In October the archbishop traveled to Bangkok to meet with his old journalistic colleagues, and speak at a UCIP convention on the challenges of Christian media in a society marked by cultural and religious pluralism. While he was in Thailand, Archbishop Casmoussa spoke with CWR correspondent Anto Akkara about the problems that have faced the Christians in Iraq following the US-led ouster of Saddam Hussein's regime.

During the hour-long interview, the archbishop also discussed the behind-the-scenes negotiations that took place when Pope John Paul II indicated a desire to visit Iraq, and make a pilgrimage to the home of the patriarch Abraham, in 2000. The archbishop explained why plans for the papal trip were scuttled.

There were about 700,000 Christians in Iraq before the 2003 war, accounting for roughly 4 percent of the country's population. That number has dropped noticeably this year, with the departure of many Christian families seeking to escape the near-anarchy that followed the war, and a mounting campaign of intimidation by Islamic fundamentalists. About 70 percent of Iraq's Christians are Catholics, most of them affiliated with the Eastern Catholic churches.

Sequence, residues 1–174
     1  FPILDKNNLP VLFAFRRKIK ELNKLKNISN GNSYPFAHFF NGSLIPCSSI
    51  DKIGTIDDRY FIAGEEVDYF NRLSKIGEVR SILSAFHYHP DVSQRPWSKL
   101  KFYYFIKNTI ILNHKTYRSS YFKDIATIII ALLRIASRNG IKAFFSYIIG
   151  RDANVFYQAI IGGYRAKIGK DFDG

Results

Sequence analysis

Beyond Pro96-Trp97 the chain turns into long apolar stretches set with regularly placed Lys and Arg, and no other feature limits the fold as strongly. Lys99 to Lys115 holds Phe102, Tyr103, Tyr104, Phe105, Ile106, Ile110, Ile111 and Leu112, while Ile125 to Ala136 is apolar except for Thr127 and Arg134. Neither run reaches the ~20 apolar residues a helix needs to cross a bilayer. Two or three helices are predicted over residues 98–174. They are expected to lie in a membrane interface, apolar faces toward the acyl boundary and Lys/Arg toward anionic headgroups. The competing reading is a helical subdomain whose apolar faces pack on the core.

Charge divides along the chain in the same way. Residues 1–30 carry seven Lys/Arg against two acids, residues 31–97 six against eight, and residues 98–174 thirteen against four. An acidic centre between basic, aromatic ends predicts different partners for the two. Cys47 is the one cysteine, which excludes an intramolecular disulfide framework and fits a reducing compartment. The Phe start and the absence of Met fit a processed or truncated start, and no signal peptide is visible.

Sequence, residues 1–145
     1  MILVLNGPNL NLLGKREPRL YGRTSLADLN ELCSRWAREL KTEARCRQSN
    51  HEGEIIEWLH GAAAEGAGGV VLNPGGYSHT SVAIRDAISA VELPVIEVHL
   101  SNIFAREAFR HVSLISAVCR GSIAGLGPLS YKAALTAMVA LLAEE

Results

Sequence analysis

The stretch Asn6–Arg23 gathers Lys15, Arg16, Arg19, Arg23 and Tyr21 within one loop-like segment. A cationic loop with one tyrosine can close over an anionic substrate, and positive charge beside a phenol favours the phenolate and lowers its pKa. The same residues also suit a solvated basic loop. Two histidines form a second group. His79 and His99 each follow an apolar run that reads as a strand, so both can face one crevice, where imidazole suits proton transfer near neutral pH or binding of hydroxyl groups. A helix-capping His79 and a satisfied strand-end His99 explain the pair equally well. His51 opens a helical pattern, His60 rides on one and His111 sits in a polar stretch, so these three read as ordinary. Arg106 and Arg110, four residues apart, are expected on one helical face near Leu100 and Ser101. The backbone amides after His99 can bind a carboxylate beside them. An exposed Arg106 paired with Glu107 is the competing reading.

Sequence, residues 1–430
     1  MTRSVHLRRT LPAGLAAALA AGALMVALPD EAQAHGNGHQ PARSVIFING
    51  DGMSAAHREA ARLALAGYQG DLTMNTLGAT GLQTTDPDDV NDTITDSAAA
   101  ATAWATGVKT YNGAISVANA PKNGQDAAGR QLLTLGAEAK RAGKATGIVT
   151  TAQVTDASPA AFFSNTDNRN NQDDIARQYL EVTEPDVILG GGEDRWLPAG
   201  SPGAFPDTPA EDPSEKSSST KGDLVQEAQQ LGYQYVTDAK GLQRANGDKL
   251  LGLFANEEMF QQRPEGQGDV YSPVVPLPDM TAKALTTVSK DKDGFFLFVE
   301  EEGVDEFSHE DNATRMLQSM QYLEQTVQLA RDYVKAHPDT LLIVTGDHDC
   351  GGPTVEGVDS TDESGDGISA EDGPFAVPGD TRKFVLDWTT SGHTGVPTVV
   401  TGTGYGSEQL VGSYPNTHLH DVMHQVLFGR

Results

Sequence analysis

Do you find any sudden difference in the lives of Christians since the end of the Saddam Hussein regime?

Archbishop Basilios Georges Casmoussa: You know, I would not like to put it that way. It is not a question of before and after Saddam. Christians have been in Iraq - and they are here now - since the 1st century, even 650 years before Islam came to Iraq. We have lived together in this land in peace up until now.

We still face no oppression or official persecution. We are a minority and the [Muslim] majority controls the power and the laws. Yet we have not faced much of a problem. But now some fundamentalist groups have risen up.

The political situation is very different with the coming of the Americans. We and all the people hope that there will be major changes soon. But the situation is going from bad to worse. We are now faced with new problems - bombings, explosions, kidnappings - and the political situation is not clear. These problems are the same for Christians and Muslim people.

Do you feel that Christians are suffering more?

Casmoussa: As a minority, in a sense we are suffering a bit more - but not as much as reported in the outside media. Churches and mosques have been bombed. Christian and Muslim homes and schools have been damaged.

Do you feel, then, that the Western media have been giving too much coverage to the harassment of Christians?